Four More Trail Knots
By Stan Walchuk, Jr.
Promise me this: if you use horses and you have never learned a proper knot, then of all the knots you could learn, take a few minutes to learn the quick release knot and the bowline knot. It will take only minutes, and it will change your life. Now you can tie up and get going in mere seconds. No longer will you fight with a knot that is so tight it appears welded together, or end up with a rope in segments, hacked apart with your jackknife, tossed aside, or hung on a barn nail. Your life will be altered.
The quick release and the bowline are knots that my family uses every day. We use the quick release knot more often because we are constantly tying up horses to rails and poles, but the bowline is more versatile, used in a variety of important situations.
The bowline is king on the high seas and on your horse. It is used when you need a fixed loop, when you need a knot that can be undone after great pressure, and for Houdini horses that can untie release knots. It is used to lead multiple horses, tied neck to neck with 11-foot lead ropes. It is used to tie a puller. It is used on a picket line and for emergency rope hobbles. It is used when we tie horses for longer periods, as an insurance policy. It is used to lead horses that may get wrapped around a tree or to lead inexperienced horses that may pull. It is used on a scotch hobble, when a front or back foot needs to be lifted up. And it is used to pull out your truck and horse trailer after getting bogged down in the mud.
If knots are not tied properly they can get you into trouble by coming undone at the worst moments, or by not doing what you expect them to do. Sometimes we blame the knot but usually it is the person who tied it.
The bowline is the most versatile of our horse knots, performing a variety of jobs daily while on the trail. It is used whenever a fixed loop that can always be undone is needed. In the final step, the bottom segment of the knot is pushed downward to loosen the knot before untying it.
The bowline knot is like the diamond hitch in that there are many versions. One of the criticisms of a bowline is that it will slide down a post or a tree. This can be remedied by wrapping a couple of loops around the post first, or by using a running bowline (for instructions, see Blue Creek’s Trail Riding, Packing & Training). Notice that we thread the tail end of the lead rope around the post or tree left to right. This is because on the trail we are constantly tying to trees and brush and want to feel for the tail with our right hand if we are right handed.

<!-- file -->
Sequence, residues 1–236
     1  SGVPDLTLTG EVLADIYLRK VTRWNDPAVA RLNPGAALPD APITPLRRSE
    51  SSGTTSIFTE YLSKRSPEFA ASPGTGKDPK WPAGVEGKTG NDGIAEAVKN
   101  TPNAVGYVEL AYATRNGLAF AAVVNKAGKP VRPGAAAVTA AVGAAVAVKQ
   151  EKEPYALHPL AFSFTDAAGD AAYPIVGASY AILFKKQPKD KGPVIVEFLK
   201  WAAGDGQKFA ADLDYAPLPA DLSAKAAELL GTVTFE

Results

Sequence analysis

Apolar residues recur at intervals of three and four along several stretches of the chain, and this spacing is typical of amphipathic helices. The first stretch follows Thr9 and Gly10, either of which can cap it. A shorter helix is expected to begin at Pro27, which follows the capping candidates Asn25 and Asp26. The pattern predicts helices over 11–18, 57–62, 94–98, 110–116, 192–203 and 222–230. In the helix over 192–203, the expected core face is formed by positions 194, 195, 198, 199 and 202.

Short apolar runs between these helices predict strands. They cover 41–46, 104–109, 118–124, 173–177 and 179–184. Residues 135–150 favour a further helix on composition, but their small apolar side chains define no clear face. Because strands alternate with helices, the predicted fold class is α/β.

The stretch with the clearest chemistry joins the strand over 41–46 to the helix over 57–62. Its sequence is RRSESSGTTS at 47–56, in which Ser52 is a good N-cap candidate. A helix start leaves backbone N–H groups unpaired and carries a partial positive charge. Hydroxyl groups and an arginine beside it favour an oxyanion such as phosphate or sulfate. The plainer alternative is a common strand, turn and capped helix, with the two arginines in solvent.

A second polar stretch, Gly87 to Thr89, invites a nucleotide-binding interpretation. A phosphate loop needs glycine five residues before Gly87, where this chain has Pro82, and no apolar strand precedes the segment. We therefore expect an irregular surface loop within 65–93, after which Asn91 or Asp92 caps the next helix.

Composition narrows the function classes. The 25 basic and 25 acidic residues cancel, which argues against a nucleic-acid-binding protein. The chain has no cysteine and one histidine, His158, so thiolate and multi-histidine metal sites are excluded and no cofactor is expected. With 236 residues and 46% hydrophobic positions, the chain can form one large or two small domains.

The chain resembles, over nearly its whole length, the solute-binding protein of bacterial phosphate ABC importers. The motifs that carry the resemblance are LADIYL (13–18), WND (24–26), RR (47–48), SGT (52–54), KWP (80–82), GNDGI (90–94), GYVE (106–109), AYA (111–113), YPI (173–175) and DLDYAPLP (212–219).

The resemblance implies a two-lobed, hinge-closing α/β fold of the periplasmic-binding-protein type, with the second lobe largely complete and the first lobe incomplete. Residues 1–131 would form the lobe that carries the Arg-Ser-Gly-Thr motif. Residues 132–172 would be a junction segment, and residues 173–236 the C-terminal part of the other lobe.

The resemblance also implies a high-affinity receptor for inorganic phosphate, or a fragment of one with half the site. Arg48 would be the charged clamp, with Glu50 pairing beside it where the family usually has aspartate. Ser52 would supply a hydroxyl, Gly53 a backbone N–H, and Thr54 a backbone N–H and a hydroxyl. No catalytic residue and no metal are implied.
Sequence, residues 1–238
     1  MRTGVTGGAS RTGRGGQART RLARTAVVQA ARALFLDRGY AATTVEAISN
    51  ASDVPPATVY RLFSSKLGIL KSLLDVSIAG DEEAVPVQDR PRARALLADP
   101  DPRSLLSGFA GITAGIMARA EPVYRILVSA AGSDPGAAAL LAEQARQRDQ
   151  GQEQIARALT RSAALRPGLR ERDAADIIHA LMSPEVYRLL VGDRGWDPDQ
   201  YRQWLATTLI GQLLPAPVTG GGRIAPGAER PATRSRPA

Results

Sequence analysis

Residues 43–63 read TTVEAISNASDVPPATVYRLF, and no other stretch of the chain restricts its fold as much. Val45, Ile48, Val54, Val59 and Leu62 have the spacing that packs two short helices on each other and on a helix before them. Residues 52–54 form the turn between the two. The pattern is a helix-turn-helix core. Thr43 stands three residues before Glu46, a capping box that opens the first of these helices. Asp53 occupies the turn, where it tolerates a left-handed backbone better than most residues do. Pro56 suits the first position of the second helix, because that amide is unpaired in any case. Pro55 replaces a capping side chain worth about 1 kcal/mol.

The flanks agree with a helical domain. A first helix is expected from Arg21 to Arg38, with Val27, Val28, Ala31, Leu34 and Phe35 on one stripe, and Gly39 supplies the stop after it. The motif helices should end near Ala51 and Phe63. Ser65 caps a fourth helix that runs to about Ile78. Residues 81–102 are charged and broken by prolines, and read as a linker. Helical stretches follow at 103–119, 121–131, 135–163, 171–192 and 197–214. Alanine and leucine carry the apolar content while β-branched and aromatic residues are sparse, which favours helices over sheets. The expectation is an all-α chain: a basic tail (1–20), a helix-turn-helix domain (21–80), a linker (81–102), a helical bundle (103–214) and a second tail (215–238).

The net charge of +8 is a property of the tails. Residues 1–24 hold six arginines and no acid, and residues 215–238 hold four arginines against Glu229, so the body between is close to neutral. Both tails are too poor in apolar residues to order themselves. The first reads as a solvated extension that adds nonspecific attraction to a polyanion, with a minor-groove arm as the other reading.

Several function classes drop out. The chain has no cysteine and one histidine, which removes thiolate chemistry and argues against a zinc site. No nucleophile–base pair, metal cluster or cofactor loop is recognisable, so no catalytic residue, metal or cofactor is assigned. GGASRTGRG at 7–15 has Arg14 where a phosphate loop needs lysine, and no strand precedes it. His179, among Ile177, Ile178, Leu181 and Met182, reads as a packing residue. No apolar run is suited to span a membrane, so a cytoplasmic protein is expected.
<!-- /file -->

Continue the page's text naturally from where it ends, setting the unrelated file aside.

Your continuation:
1. Pass the rope around the post left to right (or right to left if you are left handed), and put a small loop in the fixed end of the rope, as shown.
2. Pull the tail end of the rope through the loop.
3. Circle the tail end around the fixed end of the rope below the loop, then pass the tail end up through the loop.
4. Pull to tighten the knot.
The inline bowline is used to tie a loop at any point in a length of rope. It is great for making a high line and for securing loads on vehicles. Like the regular bowline, it can easily be undone after use.
1. At any point in the rope, make three loops around your hand.
2. Pull up the center coil of the rope and lay it to the outside, towards your fingers.
3. Lift up the new center piece and lift it over to the inside, towards your wrist.
4. Take the new center piece and lay it to the outside again. In total, you should have lifted the center piece three times.
5. Pick up the center piece and remove your hand.
6. Pull the center piece to form a loop.
7. Tighten the knot by pulling the rope from both sides.
The hondo knot is great whenever you need a small standing loop. It is used to make a lasso or lariat and can be used to tie your lash rope to the lash cinch (however, if it is a three stranded rope, splicing it on is better).
1. With the tail end of the rope, pass the end back over and then under the rope to make a loop as shown.
2. Place the tail end of the rope inside the loop nearest to the end.
3. Pull fixed end of the rope to tighten the knot.
The sheet bend is useful for tying two ropes of different sizes together. It becomes more secure if the small rope is wrapped around the big rope twice rather than just once.
1. Create a hook with the larger rope, and then pass the smaller rope underneath it, as shown.
2. Pass the smaller rope underneath both ends of the larger rope as shown.
3. Pull the smaller rope back underneath itself, and pull to tighten.
All photos courtesy of Stan Walchuk, Jr.
Main article photo: Calm, reliable horses are central to the success and safety of your trail riding and horse camping adventure. And a few reliable, practical knots will help keep both horse and rider out of trouble.